If you want an easy way to add compost to your garden, try gardening with red worms, otherwise known as worm composting or vermicomposting. The advantages of worm composting include not needing to build a compost structure in your backyard and avoiding the physical work of turning a compost pile.
Weigh your fruit and vegetable table scraps for one week. Each pound of scraps needs one square foot of surface area, so factor that in when you purchase or make a bin for worm composting. The bin needs a depth of 8 to 12 inches.
When deciding on a bin, keep in mind that wood absorbs moisture which helps to keep the temperature constant and the moisture at ideal levels. Check that the wood hasn't been chemically treated before purchasing. If you use a plastic bin, know that plastic doesn't breathe like wood and you'll have to monitor the moisture level.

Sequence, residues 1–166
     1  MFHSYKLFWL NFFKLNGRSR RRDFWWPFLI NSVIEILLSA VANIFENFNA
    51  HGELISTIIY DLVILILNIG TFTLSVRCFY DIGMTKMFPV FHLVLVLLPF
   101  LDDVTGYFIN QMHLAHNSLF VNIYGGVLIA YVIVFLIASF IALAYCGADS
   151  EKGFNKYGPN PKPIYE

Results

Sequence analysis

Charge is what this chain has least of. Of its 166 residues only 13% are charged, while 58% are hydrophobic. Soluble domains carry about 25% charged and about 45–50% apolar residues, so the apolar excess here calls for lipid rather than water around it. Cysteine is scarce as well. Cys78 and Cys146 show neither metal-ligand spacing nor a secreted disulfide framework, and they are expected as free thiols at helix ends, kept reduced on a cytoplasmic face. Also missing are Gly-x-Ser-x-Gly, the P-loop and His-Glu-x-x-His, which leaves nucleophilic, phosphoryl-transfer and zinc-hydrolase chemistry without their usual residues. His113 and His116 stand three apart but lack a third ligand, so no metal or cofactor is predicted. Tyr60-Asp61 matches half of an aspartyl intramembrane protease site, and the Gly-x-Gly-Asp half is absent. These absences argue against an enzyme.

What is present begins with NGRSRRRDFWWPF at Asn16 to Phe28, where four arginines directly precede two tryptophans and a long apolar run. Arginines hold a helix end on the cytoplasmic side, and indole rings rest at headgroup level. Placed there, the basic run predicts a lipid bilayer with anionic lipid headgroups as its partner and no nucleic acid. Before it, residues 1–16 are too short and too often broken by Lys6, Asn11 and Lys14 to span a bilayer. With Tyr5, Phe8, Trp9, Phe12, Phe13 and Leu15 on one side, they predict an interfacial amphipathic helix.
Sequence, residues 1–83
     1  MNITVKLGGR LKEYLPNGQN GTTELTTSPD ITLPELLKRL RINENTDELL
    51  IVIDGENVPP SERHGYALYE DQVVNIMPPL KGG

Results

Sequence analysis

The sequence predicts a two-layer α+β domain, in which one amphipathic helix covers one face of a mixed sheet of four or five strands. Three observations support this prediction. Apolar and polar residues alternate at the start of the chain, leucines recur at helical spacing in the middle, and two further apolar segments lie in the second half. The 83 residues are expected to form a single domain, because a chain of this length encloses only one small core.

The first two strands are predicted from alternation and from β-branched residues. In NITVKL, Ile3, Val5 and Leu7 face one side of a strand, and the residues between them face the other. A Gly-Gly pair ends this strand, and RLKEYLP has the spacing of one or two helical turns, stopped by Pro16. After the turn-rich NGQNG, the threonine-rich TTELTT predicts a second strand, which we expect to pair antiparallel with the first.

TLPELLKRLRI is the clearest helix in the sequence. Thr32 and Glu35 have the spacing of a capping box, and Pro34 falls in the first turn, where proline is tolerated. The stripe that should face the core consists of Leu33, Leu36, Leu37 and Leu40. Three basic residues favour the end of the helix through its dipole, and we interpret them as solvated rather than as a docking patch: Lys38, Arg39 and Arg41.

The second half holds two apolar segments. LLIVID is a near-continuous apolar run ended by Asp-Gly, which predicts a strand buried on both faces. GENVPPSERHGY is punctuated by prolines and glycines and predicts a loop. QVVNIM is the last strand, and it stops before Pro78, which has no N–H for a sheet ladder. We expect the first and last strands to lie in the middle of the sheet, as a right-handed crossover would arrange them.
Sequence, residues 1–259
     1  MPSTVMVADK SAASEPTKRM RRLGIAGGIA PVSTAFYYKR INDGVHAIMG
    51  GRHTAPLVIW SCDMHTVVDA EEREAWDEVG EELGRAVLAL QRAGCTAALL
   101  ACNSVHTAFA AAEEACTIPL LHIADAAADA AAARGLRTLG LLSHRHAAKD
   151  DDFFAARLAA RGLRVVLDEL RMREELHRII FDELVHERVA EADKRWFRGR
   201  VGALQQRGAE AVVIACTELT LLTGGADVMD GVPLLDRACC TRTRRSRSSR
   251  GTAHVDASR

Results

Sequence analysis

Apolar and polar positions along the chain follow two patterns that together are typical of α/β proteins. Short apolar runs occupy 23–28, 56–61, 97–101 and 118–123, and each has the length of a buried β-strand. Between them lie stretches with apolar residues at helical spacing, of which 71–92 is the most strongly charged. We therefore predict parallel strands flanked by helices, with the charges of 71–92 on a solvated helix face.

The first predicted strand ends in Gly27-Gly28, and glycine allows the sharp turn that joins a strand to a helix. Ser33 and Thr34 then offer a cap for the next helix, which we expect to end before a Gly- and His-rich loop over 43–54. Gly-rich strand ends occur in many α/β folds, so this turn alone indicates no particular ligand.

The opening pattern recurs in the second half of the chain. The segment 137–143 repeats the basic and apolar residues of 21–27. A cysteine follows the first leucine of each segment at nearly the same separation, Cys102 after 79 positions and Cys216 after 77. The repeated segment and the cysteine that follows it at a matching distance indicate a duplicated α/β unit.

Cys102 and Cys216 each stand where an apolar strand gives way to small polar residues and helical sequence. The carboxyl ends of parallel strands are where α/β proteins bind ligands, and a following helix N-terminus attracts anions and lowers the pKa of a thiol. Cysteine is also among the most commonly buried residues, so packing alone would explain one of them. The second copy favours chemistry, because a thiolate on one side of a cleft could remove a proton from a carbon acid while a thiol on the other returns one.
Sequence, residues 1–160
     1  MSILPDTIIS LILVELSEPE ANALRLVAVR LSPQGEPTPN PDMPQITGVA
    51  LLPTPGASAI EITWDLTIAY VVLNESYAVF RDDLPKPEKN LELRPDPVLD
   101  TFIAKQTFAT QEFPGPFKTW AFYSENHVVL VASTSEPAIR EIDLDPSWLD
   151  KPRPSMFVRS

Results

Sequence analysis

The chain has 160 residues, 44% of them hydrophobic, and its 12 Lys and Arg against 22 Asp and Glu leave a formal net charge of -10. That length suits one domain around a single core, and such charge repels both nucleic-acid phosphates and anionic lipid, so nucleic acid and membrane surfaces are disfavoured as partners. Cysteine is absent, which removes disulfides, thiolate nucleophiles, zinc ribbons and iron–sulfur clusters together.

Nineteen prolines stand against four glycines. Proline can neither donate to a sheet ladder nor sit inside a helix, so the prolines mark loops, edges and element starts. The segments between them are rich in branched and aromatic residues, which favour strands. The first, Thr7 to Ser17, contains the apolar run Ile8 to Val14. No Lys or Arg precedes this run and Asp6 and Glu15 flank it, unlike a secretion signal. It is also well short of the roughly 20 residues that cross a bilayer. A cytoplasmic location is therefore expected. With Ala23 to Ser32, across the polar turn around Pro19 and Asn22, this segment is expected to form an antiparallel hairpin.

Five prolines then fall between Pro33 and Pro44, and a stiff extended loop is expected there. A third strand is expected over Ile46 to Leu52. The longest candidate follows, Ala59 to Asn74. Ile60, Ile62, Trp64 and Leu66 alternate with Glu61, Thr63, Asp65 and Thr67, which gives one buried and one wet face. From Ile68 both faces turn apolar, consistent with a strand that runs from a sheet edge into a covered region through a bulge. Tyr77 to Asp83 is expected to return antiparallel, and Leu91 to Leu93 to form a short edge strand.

Find a place to put the worm bin. Worms need a dark, moist environment and good air circulation and temperatures between 55 and 75 degrees F.
Purchase red wiggler worms from the Internet (see Resources), gardening catalogs, worm farms or ads in garden magazines. You'll need approximately 500 worms per cubic foot of bin space. Order the worms on the Internet for fastest delivery.
Decide on your bedding materials--newspapers, straw, leaves--and soak in water for 24 hours. Squeeze the excess moisture from the material, fluff it up and fill about two-thirds of the bin with bedding. The bedding needs to settle for several days before adding the worms.
Add the worms and food scraps to the compost bin bedding. Add extra bedding to the top of the red worms to give them the dark environment they like. The worms will now begin their work of breaking refuse down into compost for the garden. Add the compost to the garden as it becomes available.